The drought that began in the eastern Mediterranean Levant region in 1998 and triggered the disastrous Syrian civil war was the worst climate change event in the past 900 years, a NASA study says.
The study published online in the Journal of Geophysical Research-Atmospheres, is part of NASA's effort to improve computer models that can simulate climate changes.
The scientists recreated the history of drought by analyzing tree ring records showing the annual precipitation history from the past years back to the 1100's.
The area spanned from Southern Europe and Northern Africa to the Levant region in Middle East. The Mediterranean Levant region includes Israel, Jordan, Lebanon, Cyprus, Palestine, Turkey and Syria.
"The magnitude and significance of human climate change requires us to really understand the full range of natural climate variability," said Ben Cook, climate scientist at NASA.
"If we look at recent events and we start to see anomalies that are outside this range of natural variability, then we can say with some confidence that it looks like this particular event or this series of events had some kind of human caused climate change contribution," he added.
Human-Induced Global Warming
The scientists identified the driest years and found patterns in the geographic distribution of droughts. This provided baseline data for them to identify the causes linked to dry years.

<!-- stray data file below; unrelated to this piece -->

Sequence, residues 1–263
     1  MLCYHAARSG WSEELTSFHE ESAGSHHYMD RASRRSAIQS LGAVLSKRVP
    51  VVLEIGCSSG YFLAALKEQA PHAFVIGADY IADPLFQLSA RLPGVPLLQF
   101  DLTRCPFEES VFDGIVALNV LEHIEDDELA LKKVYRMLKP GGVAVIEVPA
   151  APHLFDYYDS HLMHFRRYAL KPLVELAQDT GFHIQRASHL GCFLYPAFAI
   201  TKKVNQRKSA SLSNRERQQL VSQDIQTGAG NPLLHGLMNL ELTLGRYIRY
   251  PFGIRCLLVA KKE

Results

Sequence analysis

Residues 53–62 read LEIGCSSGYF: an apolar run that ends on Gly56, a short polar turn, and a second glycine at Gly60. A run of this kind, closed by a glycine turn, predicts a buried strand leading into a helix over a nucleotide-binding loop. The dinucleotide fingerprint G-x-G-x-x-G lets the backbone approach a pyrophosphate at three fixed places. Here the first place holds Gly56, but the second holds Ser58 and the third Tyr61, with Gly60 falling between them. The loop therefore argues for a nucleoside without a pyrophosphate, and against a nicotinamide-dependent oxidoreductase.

This could provide information both from natural variations in the drought in the region that could help scientists distinguish droughts made worse by human-induced global warming.
The drought in the region between 1998 and 2012 is longer than usual and is 50 percent drier than the driest period in the past 500 years. It is 10 to 20 percent drier than the worst drought since 1100.
Drought, caused by warming of the temperatures, could lead to large-scale disruption of food systems and possible conflict over water resources. A climate scientist, Yochanan Kushnir, said that the Mediterranean area is expected by climate change models to dry in the future.
The Syrian Conflict
Experts see water stress and population growth as two factors that will trigger conflict and humanitarian crises in the coming years. The recent Syrian Civil War can be traced in part to the drought.
In a study published in the Proceedings of the National Academy of Sciences, scientists analyzed observations and model simulations that show that the recent Syrian drought was implicated in the current conflict.
There is evidence that the drought in Syria between 2007 and 2010 has contributed to the Syrian conflict. This led to widespread crop failure leaving families in rural areas in dire need of financial resources. Around 1.5 million people from rural areas migrated to urban cities to look for work.
The government's lack of response to the drought and displacement of residents were occurrences that were believed to have triggered conflicts against the government, resulting to a devastating civil war.
In a statement by Prince Charles in 2015, he said that one probable cause of the Syrian civil war is climate change. The drought that continued for many years led a large number of people to vacate land due to lack of water and crop failure.